The mobile industry has created Mobile Marketing Association industry-standard banner sizes that are supported across most mobile-optimized sites and apps. Therefore, advertisers and marketers can easily create, manage and measure these campaigns and produce them in scale.

However, the challenge with this simplistic approach is making the effectiveness of the creative, or lack thereof, work from a campaign objective standpoint – a.k.a a high engagement rate.

A standard display banner on a rich HMTL5 or xHTML site or within a iPhone or Android App will be lost in the content surrounding it.

If the campaign is measured for effectiveness via metrics such as click-through rate, it is natural that the rate will be suppressed – if the content is more attractive than the ad.

Therefore, there needs to be innovation to this approach where the display advertising and branding objectives are met by having the advertising creative be supported by the content around it.

In essence, the advertising needs to be considered as interesting, or more engaging than that of the content surrounding it.

Beyond the banner
Given this challenge, there are a number of mobile rich media advertising units that have recently come to market from companies such as Medialets, Crisp, Vdopia, Phluant, Sprout and Celtra.

These units provide a relatively easy way for brand advertisers to run effective display campaigns that generate consumer interest and awareness with higher click-through rates.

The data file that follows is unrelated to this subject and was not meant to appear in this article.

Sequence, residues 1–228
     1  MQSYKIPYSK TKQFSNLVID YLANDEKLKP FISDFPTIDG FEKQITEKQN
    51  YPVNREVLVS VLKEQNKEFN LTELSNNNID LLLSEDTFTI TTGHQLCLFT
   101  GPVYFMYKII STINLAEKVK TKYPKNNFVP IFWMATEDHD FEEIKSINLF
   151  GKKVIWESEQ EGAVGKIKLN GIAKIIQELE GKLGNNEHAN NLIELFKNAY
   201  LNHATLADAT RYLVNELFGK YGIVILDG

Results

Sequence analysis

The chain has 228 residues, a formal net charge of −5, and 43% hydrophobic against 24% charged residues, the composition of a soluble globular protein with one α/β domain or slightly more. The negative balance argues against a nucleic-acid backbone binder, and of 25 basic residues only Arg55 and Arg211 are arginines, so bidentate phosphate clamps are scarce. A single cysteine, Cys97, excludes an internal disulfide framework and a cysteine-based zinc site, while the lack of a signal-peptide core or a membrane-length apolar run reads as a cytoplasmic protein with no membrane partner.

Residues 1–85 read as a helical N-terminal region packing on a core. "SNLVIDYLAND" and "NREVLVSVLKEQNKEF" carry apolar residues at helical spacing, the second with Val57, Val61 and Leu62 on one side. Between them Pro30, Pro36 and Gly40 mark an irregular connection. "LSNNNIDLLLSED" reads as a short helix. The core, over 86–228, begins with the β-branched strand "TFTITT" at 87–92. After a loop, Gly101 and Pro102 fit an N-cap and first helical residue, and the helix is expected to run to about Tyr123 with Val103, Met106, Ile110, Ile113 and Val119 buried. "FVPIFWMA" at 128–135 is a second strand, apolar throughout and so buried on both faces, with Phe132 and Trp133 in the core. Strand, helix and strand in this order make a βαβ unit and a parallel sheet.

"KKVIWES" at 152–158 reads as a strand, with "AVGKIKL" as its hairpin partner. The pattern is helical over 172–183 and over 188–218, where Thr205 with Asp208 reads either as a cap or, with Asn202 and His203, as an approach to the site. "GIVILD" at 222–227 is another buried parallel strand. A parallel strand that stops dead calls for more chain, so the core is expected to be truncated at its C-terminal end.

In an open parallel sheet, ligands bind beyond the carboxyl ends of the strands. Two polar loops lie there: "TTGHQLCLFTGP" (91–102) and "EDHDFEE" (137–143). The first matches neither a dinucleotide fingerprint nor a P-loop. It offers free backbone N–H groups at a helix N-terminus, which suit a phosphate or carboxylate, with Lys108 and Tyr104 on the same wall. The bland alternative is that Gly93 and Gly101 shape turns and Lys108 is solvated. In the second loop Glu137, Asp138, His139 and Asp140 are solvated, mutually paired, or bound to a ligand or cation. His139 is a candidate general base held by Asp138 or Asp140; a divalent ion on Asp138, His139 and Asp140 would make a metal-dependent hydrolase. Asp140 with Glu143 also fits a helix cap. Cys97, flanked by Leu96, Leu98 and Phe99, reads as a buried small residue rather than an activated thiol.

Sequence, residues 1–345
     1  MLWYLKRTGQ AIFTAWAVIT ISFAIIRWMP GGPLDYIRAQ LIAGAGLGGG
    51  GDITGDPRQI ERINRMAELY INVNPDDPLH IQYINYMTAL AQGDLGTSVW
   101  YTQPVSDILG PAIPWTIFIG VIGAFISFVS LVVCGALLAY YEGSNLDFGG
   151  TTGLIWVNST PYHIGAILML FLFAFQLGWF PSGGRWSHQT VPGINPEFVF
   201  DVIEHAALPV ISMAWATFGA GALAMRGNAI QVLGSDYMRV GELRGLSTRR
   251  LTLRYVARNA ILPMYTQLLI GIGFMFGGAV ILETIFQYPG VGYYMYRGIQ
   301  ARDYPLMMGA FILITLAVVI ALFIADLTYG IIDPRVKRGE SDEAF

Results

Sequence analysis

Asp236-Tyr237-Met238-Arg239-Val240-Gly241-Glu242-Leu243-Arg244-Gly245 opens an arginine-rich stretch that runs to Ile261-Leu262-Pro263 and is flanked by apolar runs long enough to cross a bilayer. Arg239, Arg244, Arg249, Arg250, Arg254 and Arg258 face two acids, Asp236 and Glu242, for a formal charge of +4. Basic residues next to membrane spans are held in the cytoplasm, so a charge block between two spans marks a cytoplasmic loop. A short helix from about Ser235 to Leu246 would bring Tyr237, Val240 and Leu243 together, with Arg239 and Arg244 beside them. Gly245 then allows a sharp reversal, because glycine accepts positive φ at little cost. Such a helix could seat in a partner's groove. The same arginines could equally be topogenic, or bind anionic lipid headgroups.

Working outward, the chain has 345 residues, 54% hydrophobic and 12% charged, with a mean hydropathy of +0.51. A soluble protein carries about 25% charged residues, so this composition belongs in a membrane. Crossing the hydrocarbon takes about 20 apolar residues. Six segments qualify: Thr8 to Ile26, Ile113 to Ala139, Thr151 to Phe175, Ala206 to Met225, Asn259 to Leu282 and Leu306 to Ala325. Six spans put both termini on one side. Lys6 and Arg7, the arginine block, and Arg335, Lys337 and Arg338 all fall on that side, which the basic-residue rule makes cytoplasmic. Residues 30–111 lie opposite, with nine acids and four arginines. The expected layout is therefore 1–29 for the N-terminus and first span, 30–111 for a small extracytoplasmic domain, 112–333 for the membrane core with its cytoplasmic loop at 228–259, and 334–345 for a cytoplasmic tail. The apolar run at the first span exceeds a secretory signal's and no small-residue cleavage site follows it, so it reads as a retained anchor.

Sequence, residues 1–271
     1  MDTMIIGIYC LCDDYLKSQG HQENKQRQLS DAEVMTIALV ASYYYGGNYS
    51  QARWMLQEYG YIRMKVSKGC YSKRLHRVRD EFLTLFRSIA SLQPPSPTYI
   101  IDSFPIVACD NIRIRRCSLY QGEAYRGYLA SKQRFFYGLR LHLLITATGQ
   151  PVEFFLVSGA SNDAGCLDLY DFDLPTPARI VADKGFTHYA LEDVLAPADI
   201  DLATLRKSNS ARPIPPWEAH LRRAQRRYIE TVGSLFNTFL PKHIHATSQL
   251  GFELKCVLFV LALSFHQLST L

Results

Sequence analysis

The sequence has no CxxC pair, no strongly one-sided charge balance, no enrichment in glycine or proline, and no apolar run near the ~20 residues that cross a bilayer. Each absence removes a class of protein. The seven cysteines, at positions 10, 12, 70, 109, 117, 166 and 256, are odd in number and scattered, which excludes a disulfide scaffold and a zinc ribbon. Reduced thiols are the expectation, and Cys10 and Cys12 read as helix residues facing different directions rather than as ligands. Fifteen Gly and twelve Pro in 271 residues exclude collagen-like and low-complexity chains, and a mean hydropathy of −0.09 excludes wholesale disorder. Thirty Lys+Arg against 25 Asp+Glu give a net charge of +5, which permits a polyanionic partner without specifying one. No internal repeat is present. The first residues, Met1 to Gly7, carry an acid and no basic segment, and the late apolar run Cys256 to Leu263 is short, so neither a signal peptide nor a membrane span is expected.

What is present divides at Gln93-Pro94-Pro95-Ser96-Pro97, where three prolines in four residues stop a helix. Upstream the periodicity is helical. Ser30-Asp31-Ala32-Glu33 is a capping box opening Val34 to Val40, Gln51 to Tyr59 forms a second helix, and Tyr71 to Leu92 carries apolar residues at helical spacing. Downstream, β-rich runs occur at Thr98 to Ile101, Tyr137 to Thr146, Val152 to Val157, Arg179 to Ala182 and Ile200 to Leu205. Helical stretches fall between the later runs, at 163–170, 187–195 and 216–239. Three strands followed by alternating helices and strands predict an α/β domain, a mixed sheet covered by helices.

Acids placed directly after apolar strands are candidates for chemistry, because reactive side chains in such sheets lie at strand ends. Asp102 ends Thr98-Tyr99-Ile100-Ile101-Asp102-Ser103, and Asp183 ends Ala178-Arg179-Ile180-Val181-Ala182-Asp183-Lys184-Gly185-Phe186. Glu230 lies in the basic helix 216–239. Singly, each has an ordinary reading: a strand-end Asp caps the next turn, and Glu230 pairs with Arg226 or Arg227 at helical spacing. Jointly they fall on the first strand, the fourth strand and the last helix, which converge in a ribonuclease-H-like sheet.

These rich media units are less standard than those of banners and require more thought from a creative standpoint. However, they generate greater returns to the brand advertiser.

This is a great first step in the augmentation of the advertising experience.

The second logical step – potentially leap, if you will – is to create context sensitive rich integrations within the sites and apps themselves.

A banner campaign or even rich media campaign will have difficulty competing with well-executed, contextually relevant content integrations where the advertising is integrated into the content itself.

The concept is simple: to build advertiser-sponsored relevant content extensions into the very fabric of the site or apps. The advertising surrounds the content and in some cases becomes the content.

The objective of the publisher community should be to create standard ways in which advertisers can integrate into the content where the result is fresh and compelling.

The industry should focus on driving engagement and participation while creating real value for the consumer to participate and interact with the advertising.

The next level is to go beyond the banner by rallying around a few key easy-to-create and reproduce content integrations that advertisers can confidently buy and measure producing real value with overall engagement.

Standardization of these few rich mobile content integrations should be the aspiration and goal for 2012 for the publishing industry.

Harry Kargman is founder/CEO of Kargo, New York. Reach him at